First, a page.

Read sites like Lifehacker and Mashable for updates on what’s happening with the tabled legislation. I’ll be posting more things, but eventually they’ll all look like a blur — especially if you got to this from my Facebook post. Listen, if you get your information from proper nerds with editing skills (while subsequently keeping them employed by giving them more traffic and thus KEEPING THEM OUT OF MY JOB MARKET), it’ll be easier to understand what is a fact and what has been misconstrued or otherwise taken out of context when the next round of these bills are introduced. (If you’re getting your news from a group that is owned by a company that makes and/or distributes TV and film, odds are the parent company has lobbied extensively to get this legislation written and will attempt to get it passed again. And because of this, the news will not do as thorough a job in reporting on this next fight as it is not in the parent company’s best interests.)
I’m not saying the Internet is perfect. It’s often gross and awful. But it’s how I make my living. If we start regulating it to placate the distribution needs of the MPAA, many MANY people will lose their jobs — possibly me. And if things start falling, your life will be affected significantly more than that day you couldn’t access Wikipedia.
In the interest of open source content and activism, I have written this blog as a scare piece that any of you could use to get your point across — especially to friends and family members that live in areas (ahem, New York and California) who still have Senators and Representatives in favor of these tabled bills. Just swap out the pics and it’s all yours to post, repost, or otherwise share!! Why? Because I care more about keeping my industry functioning than I do about another byline. And I love bylines more than ANYTHING (except my dog because he’s perfect).
We, the undersigned, are musicians, actors, directors, authors, and producers. We make our livelihoods with the artistic works we create. We are also Internet users.
We are writing to express our serious concerns regarding the PROTECT IP Act (PIPA) and the Stop Online Piracy Act (SOPA).
As creative professionals, we experience copyright infringement on a very personal level. Commercial piracy is deeply unfair and pervasive leaks of unreleased films and music regularly interfere with the integrity of our creations. We are grateful for the measures policymakers have enacted to protect our works.
We, along with the rest of society, have benefited immensely from a free and open Internet. It allows us to connect with our fans and reach new audiences. Using social media services like Facebook, Twitter and YouTube, we can communicate directly with millions of fans and interact with them in ways that would have been unimaginable just a few years ago.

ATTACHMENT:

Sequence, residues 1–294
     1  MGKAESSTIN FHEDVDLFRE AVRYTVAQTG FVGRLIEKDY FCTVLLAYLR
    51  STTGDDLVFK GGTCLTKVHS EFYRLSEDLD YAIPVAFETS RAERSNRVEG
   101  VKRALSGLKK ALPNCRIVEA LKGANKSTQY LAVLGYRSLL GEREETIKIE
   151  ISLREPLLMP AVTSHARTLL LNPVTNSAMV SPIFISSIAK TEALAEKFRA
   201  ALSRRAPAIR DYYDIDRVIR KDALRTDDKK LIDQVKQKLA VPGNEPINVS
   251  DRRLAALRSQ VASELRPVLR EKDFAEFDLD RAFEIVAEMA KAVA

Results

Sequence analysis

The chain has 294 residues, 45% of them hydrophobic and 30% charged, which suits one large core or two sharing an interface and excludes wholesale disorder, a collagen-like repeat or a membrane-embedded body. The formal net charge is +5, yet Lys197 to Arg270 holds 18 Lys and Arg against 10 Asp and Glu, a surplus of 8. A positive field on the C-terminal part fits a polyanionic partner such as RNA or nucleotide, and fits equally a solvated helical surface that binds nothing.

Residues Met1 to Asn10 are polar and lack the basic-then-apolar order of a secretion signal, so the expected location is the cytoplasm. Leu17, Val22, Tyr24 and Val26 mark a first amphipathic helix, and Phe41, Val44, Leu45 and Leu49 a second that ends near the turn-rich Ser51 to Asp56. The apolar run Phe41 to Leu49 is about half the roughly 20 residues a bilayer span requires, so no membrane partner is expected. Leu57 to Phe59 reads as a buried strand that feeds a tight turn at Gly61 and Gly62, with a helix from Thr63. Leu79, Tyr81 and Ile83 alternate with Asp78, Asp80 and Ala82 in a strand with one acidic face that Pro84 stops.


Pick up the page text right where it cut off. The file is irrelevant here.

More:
We fear that the broad new enforcement powers provided under SOPA and PIPA could be easily abused against legitimate services like those upon which we depend. These bills would allow entire websites to be blocked without due process, causing collateral damage to the legitimate users of the same services - artists and creators like us who would be censored as a result.
We are deeply concerned that PIPA and SOPA’s impact on piracy will be negligible compared to the potential damage that would be caused to legitimate Internet services. Online piracy is harmful and it needs to be addressed, but not at the expense of censoring creativity, stifling innovation or preventing the creation of new, lawful digital distribution methods.
We urge Congress to exercise extreme caution and ensure that the free and open Internet, upon which so many artists rely to promote and distribute their work, does not become collateral damage in the process.
Kevin Devine, Musician
Barry Eisler, Author
Neil Gaiman, Author
Lloyd Kaufman, Filmmaker
Zoë Keating, Musician
The Lonely Island
Daniel Lorca, Musician (Nada Surf)
Erin McKeown, Musician
Samantha Murphy, Musician
Amanda Palmer, Musician (The Dresden Dolls)
Adam Savage, Special Effects Artist (MythBusters)
Hank Shocklee, Music Producer (Public Enemy, The Bomb Squad)
Johnny Stimson, Musician
And there are a lot more that aren’t famous and have just as much to lose from this… if not more.
Lizz Westman, website manager, producer and writer.